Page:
I was in one corner of the kitchen making margaritas (because of course I was) and my aunt from Houston, my grandpa and his friend, let’s call her Mabel, were sitting at the island having a casual conversation. My aunt and grandpa were catching up and my aunt mentioned her and my uncle were thinking of maybe buying a place in Michigan and splitting their time between the two places. My grandpa made a joke about the winters and then it happened. Mabel dropped the bomb on us.

Mabel: I’m going to be the mean one and say in one place you’ve got a lot of blacks and Mexicans and … (I LITERALLY BLACKED OUT THE REST OF HER SENTENCE)
Aunt: Well, that doesn’t matter to me.
Mabel: Oh, really? (and it was not said in a curious way but a snide, dismissive way)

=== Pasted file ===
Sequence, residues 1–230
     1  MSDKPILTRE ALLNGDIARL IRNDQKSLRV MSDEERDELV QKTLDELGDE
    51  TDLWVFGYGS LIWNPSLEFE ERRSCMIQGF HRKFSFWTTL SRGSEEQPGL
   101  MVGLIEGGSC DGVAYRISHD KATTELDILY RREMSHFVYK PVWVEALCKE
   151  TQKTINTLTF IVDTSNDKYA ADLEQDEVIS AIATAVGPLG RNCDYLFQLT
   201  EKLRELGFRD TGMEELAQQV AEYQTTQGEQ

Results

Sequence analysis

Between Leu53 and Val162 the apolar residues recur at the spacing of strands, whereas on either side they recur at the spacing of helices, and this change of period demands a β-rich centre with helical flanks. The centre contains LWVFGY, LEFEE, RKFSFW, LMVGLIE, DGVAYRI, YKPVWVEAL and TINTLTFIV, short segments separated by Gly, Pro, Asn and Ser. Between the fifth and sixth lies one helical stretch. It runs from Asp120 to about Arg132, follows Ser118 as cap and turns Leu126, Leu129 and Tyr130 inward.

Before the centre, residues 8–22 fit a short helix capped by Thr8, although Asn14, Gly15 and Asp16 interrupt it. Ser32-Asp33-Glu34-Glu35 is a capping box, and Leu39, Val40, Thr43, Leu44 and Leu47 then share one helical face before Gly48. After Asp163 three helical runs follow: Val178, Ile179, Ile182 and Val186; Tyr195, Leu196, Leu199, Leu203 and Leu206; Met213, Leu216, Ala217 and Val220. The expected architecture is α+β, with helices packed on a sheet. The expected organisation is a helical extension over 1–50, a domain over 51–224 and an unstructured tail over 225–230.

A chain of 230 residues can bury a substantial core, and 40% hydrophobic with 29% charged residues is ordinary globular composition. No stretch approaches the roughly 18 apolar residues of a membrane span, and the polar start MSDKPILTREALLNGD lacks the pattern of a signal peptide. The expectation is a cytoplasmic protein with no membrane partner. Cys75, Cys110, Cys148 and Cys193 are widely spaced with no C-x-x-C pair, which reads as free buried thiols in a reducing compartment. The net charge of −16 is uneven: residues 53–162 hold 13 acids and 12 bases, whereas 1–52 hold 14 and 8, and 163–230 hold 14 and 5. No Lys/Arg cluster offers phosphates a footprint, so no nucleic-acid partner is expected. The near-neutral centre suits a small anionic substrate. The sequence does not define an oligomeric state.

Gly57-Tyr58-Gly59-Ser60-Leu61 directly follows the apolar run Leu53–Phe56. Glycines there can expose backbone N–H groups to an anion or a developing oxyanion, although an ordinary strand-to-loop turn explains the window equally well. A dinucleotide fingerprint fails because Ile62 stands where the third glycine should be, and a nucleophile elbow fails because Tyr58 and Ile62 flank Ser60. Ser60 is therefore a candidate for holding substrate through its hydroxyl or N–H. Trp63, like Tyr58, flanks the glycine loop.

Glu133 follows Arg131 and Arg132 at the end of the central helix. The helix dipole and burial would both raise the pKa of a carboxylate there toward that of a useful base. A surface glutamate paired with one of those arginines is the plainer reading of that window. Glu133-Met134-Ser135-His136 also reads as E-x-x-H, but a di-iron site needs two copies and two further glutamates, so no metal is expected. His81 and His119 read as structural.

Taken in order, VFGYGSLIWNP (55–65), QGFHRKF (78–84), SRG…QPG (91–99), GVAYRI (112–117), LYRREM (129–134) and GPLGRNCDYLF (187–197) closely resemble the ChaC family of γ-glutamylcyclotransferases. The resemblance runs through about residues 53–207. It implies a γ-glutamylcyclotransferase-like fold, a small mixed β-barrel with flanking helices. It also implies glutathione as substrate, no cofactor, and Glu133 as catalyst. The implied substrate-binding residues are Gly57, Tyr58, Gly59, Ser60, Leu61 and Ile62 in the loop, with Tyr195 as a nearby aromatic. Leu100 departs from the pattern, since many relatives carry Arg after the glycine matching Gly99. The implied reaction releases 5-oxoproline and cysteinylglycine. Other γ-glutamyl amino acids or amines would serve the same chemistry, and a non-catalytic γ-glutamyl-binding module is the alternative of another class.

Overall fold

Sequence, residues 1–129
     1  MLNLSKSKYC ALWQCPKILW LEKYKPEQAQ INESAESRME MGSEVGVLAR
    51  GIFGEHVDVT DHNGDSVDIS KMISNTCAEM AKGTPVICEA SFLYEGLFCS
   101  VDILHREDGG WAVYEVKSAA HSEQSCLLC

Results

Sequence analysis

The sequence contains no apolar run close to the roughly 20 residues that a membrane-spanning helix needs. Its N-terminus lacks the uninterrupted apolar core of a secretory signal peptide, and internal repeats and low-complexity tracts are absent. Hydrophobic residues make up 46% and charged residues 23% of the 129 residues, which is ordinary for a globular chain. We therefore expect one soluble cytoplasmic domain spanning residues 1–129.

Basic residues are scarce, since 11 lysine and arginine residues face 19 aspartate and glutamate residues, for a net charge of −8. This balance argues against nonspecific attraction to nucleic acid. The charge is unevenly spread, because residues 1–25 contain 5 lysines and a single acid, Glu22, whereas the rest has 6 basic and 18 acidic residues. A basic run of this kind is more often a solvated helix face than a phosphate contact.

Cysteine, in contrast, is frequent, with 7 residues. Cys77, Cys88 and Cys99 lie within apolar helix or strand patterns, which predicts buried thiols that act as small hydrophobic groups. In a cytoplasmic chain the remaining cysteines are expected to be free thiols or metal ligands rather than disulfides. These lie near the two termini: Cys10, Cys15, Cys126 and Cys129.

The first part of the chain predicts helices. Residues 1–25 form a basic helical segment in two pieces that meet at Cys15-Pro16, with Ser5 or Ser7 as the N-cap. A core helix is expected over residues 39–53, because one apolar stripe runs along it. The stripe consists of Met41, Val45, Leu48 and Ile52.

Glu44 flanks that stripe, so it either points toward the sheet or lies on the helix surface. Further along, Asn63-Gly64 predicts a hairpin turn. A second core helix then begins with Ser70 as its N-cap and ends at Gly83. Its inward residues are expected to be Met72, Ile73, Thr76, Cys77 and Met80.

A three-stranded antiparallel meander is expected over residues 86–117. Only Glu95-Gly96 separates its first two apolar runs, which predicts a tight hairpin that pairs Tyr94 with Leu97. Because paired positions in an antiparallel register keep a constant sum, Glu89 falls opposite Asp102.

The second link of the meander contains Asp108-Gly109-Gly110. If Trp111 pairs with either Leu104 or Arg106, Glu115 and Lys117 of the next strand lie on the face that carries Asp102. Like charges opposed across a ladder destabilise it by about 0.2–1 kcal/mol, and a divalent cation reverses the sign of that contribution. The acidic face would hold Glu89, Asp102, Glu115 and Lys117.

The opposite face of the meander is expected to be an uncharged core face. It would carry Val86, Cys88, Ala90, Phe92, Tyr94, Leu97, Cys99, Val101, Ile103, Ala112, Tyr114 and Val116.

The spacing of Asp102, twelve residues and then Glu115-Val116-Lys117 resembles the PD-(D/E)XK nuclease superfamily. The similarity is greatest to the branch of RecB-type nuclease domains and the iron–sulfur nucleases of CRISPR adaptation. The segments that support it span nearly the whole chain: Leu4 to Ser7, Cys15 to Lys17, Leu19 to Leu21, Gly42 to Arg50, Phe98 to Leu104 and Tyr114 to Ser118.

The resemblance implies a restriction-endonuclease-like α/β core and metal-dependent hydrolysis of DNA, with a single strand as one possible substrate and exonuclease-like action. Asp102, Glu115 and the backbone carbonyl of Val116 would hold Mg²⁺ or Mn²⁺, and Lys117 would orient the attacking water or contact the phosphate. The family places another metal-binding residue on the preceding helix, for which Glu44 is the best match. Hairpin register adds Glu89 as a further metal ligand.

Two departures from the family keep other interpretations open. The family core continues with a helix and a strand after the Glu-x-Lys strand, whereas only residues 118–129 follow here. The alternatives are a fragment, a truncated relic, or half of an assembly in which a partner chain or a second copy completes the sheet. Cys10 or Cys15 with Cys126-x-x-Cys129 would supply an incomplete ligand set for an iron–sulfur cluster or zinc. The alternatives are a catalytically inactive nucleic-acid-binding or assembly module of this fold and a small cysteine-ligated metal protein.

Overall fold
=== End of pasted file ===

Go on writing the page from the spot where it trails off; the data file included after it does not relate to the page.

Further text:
Aunt: Yes, really. It doesn’t bother me.
Mabel: Huh.
Aunt: They’re no different from you or I, Mabel. The only difference is the color of their skin. My girls were probably in the most diverse school district in Houston. It does not bother me at all.


And here is where my confession comes in: I said nothing; I did nothing. I just continued making my margaritas without turning my head in the slightest. In the moment I kept telling myself not to make it weird by turning around or chiming in. I wanted the awkwardness to dissolve with the silence, I didn’t want things to be weird. I was raised to respect my elders and there is a certain way I feel comfortable speaking around my grandpa and it’s not freely (if you know what I mean) but in retrospect, I’m pissed that I chose to bite my tongue. My aunt responded the exact way I would have hoped any other family member of mine would have and I’m sure had I intruded it wouldn’t have been as respectful or carried such an easy tone. But still. I said nothing. Nothing? I bit my tongue and waited hours until they had left to discuss with my family how racist she was.